Although coagulation disturbances have been described in inflammatory bowel disease (IBD), it remains unclear how common venous thromboembolism (VTE) is in IBD, and what factors influence VTE frequency. We evaluated VTE in Crohn's disease (CD) and ulcerative colitis (UC) at LSUHSC-S, a southern US medical center with an approximately equal White: African-American (AA) (1.12:1) patient base. This retrospective study evaluated VTE as a co-morbidity in IBD as a function of age, gender and race based on ICD-10 coding (2011−2015.) Results. Of 276 IBD diagnostic records, 213 were for CD (77.17%) and 63 for UC (22.8%). 52% of the CD patients were white, 42% were AA, and 6% were other. 42% of CD patients were male, with 58% were female. 6.1% (13 patients) of the 213 CD patients had a VTE. Of these 13 CD patients, 9 had active disease and 4 were in remission. 9 of 13 were female and 4 were male, with 5 white patients and 4 A A patients. 63 patients were diagnosed with UC, 3.38-fold fewer cases than CD. 25 UC patients were white, 25 were AA and 13 were in other ethnic groups. Of 63 UC cases, 2 UC patients had a VTE, both with active disease. At our institution, VTE appears to be 3x more frequently associated with CD than UC and was more common in white female patients. The recognition of VTE risk in CD, particularly in women, may be an important observation which may guide therapy and limit potentially life-threatening consequences.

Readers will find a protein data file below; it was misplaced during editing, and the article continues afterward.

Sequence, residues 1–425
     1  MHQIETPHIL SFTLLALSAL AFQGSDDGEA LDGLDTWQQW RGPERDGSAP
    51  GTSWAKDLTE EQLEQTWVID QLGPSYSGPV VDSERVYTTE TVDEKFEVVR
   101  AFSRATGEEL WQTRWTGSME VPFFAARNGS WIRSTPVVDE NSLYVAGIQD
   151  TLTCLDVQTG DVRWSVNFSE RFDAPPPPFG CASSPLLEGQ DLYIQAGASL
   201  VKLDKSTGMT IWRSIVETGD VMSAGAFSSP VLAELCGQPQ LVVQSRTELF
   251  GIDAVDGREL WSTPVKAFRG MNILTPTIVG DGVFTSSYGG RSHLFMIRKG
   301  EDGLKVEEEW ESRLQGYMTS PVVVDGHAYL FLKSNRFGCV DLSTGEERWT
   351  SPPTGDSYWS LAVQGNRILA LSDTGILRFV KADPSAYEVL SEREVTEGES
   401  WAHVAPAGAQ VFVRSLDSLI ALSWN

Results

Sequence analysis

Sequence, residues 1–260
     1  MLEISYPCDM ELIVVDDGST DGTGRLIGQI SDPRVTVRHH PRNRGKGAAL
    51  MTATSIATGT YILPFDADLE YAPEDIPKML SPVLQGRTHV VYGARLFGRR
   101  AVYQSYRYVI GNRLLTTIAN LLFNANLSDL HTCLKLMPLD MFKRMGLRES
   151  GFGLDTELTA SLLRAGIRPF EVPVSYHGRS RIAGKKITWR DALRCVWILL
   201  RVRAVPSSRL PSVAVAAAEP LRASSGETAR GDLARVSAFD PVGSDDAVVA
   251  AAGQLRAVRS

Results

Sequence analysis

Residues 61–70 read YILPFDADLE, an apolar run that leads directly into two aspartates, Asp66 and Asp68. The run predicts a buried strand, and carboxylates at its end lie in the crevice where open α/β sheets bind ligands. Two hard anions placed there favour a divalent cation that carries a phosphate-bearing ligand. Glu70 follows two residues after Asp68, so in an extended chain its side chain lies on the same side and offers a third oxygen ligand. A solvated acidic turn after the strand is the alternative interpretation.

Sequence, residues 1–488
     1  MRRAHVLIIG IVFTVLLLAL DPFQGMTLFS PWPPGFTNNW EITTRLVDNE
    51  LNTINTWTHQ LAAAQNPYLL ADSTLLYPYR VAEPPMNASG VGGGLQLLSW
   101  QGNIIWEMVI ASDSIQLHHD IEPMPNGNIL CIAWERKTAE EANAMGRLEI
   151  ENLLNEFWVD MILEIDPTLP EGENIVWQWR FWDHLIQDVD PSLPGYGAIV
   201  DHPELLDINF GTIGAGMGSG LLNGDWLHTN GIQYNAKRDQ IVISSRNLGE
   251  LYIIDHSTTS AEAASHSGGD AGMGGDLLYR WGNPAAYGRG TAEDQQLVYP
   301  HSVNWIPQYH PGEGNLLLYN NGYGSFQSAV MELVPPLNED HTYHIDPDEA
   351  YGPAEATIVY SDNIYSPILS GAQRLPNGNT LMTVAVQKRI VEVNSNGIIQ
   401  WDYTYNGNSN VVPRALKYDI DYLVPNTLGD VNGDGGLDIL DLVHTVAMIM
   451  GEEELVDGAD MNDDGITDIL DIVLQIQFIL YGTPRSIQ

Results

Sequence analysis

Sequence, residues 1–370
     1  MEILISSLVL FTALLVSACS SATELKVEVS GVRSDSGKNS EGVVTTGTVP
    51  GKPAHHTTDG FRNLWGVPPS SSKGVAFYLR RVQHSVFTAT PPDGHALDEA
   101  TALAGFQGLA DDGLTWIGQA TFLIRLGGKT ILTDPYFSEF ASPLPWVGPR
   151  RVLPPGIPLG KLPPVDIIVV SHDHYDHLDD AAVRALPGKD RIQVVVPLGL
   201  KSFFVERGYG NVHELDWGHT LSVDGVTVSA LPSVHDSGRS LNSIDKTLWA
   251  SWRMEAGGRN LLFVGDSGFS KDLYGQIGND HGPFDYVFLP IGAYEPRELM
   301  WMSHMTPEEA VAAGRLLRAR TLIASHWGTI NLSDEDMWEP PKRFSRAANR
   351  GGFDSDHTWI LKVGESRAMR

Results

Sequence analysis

ASJC Scopus subject areas
- Pathology and Forensic Medicine
- Physiology (medical)